Stokes is an excellent scorer and a beast on the offensive glass. He’s also young for a junior at 20 years old. Stokes has been on the NBA radar for quite awhile, since he was one of the top high school players in the 2011 class. This season at Tennessee, he averaged 15.1 points and 10.6 rebounds while shooting 53.1 percent from the field. Several years ago, he wanted to become more of perimeter player and modeled his game after Carmelo Anthony. However, he now understands that he’s at his best down low and he started studying film of Karl Malone and David West during his junior season.
Stokes is drawing interest from a number of teams in the 25-30 range, with the Miami HEAT said to really like him at No. 26. They’ve already worked him out once and are bringing him back for a second workout, which is why you’re starting to see Stokes to Miami in many mock drafts.
In a recent ESPN article by numbers guru Kevin Pelton, Stokes was rated the 12th-best prospect in terms of wins above replacement player projection.
Also, here’s a story to give you of an idea of Stokes’ toughness and competitiveness. He was recently being driven to a workout for the Miami HEAT, when a car came out of nowhere and crashed into his vehicle. Stokes sustained a concussion, lacerations and his face was covered in blood, but he had to be talked into getting into an ambulance to go the hospital because he still wanted to make it to his draft workout. Doctors told him that he would likely need to take three-to-four weeks off, but Stokes was back working out for teams one week later after reshuffling his schedule. That’s the kind of guy that I want on my team.
Shabazz Napier – Napier’s meteoric rise obviously started during the NCAA Tournament, when he shocked the world by leading Connecticut to a championship – his second title in four years.
While his strong play during March Madness certainly helped him a lot, there were still some questions about how he would translate to the NBA given his size and age.
At 6’1 and 175 lbs. with a 6’3.25 wingspan, many talent evaluators felt that he was too small to dominate against NBA opposition like he did in college. He’s also about to turn 23 years old next month, which has teams wondering if he still has much upside, and that doesn’t look great next to teenage point guard prospects like Tyler Ennis and Zach LaVine.
However, there’s no question that Napier can play and he should be able to help an NBA team off of the bench from day one. That’s why he’s currently climbing draft boards, because the playoff teams in the 20-30 range believe he can make an immediate impact as a reserve.
Some teams like to go for the dare-to-be-great pick, selecting a project who could turn out to be a steal after a few years of development. But there are also teams that pick more conservatively and those are the teams that are showing a ton of interest in Napier.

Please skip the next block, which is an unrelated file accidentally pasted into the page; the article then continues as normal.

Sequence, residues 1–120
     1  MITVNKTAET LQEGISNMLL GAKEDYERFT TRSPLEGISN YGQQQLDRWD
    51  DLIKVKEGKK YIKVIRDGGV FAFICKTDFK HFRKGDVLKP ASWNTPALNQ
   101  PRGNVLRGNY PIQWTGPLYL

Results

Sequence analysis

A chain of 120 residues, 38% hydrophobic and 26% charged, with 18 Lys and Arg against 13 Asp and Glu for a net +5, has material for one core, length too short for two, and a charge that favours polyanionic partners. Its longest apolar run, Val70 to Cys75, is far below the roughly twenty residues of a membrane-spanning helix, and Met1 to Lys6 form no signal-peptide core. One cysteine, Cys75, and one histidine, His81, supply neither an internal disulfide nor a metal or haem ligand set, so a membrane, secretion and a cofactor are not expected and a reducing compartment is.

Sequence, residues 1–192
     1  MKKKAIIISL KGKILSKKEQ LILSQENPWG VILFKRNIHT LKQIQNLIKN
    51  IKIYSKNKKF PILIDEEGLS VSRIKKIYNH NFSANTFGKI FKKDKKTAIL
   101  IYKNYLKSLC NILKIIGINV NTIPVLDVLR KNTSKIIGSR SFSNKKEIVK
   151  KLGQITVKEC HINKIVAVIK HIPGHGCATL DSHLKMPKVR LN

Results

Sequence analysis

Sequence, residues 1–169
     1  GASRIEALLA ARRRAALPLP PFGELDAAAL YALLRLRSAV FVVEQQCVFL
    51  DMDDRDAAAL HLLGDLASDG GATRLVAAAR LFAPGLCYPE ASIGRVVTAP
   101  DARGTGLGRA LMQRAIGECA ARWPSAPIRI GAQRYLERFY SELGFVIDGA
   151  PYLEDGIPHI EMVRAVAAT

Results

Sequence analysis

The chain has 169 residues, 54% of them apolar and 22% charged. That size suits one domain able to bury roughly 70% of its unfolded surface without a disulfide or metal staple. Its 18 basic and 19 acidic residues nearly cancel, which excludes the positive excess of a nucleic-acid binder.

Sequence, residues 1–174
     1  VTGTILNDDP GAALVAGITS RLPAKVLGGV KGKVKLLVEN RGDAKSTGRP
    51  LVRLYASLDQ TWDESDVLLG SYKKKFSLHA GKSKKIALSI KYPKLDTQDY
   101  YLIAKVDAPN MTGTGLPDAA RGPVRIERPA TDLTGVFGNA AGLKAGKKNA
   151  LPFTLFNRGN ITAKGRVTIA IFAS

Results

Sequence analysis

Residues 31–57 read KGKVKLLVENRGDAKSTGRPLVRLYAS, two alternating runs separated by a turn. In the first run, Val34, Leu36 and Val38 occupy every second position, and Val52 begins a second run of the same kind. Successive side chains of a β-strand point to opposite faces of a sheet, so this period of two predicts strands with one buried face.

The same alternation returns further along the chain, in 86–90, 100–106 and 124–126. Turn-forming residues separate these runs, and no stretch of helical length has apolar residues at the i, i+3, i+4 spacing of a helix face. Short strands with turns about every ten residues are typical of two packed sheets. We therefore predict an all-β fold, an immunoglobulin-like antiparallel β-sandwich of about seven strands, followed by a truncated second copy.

Napier could sneak into the teens, to a team like the Chicago Bulls or Boston Celtics. If he doesn’t go that high, he’ll almost certainly get snatched up in the late first-round by a team like the Memphis Grizzlies, Miami HEAT, Charlotte Hornets (for a reunion with Kemba Walker), Los Angeles Clippers or San Antonio Spurs. Napier’s college resume is basically perfect, and some team is going to grab him in the first round.
Mitch McGary – McGary’s sophomore season at Michigan didn’t go quite as planned. After emerging as a key contributor during the Wolverines’ national championship run as a freshman, he decided to return to school and was expected to be the team’s focal point after Trey Burke and Tim Hardaway Jr. left for the NBA.
However, McGary ended up playing in just eight games as a sophomore due to a back injury and he averaged a mediocre 9.5 points and 8.3 rebounds. Then, during the NCAA Tournament, McGary tested positive for marijuana, which would have led to him being suspended for all of next season, so he entered the 2014 NBA Draft despite the fact that his stock had dropped significantly.
McGary was hoping for a breakout season that propelled him into the lottery, but that obviously didn’t happen and now he’ll likely go lower than he would have had he entered the 2013 NBA Draft.
With that said, McGary’s stock has been climbing in recent weeks and a number of executives believe that the big man has a promise from a team in the 20-30 range.
McGary’s decision to skip the NBA draft combine in Chicago several weeks ago was strange, and now he is refusing to work out for a number of teams. Whenever this happens, it usually means that a player has a promise from a team in the first round, since the team will encourage the player to shut down workouts and avoid other teams to ensure that they land their guy.
A number of teams have tried very hard to get McGary in for a workout, but his camp isn’t budging, which has talent evaluators around the NBA wondering which team has made him a promise. Fringe first-round picks don’t turn down workouts unless their camp has something up their sleeve.
Executives have speculated that he could have a promise from the Los Angeles Clippers at No. 28, Oklahoma City Thunder at No. 29 or San Antonio Spurs at No. 30. These are attractive organizations (hence why McGary’s camp would agree to shut down workouts) and each of these teams could use a skilled big man who’s capable of contributing right away. These teams likely view McGary as a great value pick late in the first round, considering he was being discussed as a potential lottery pick one year ago before the injury and suspension significantly hurt his stock.
Check Out Basketball Insiders’ Latest Mock Draft
Every week until the 2014 NBA Draft, Basketball Insiders’ draft experts are putting out their “Consensus Mock Draft” as well as a draft notebook discussing their selections.
NBA Daily: One Year Later, Yogi Ferrell Continues To Rise
One year after a turbulent start to his NBA career, Yogi Ferrell is still thriving with the Dallas Mavericks.
It was never going to be easy for Yogi Ferrell.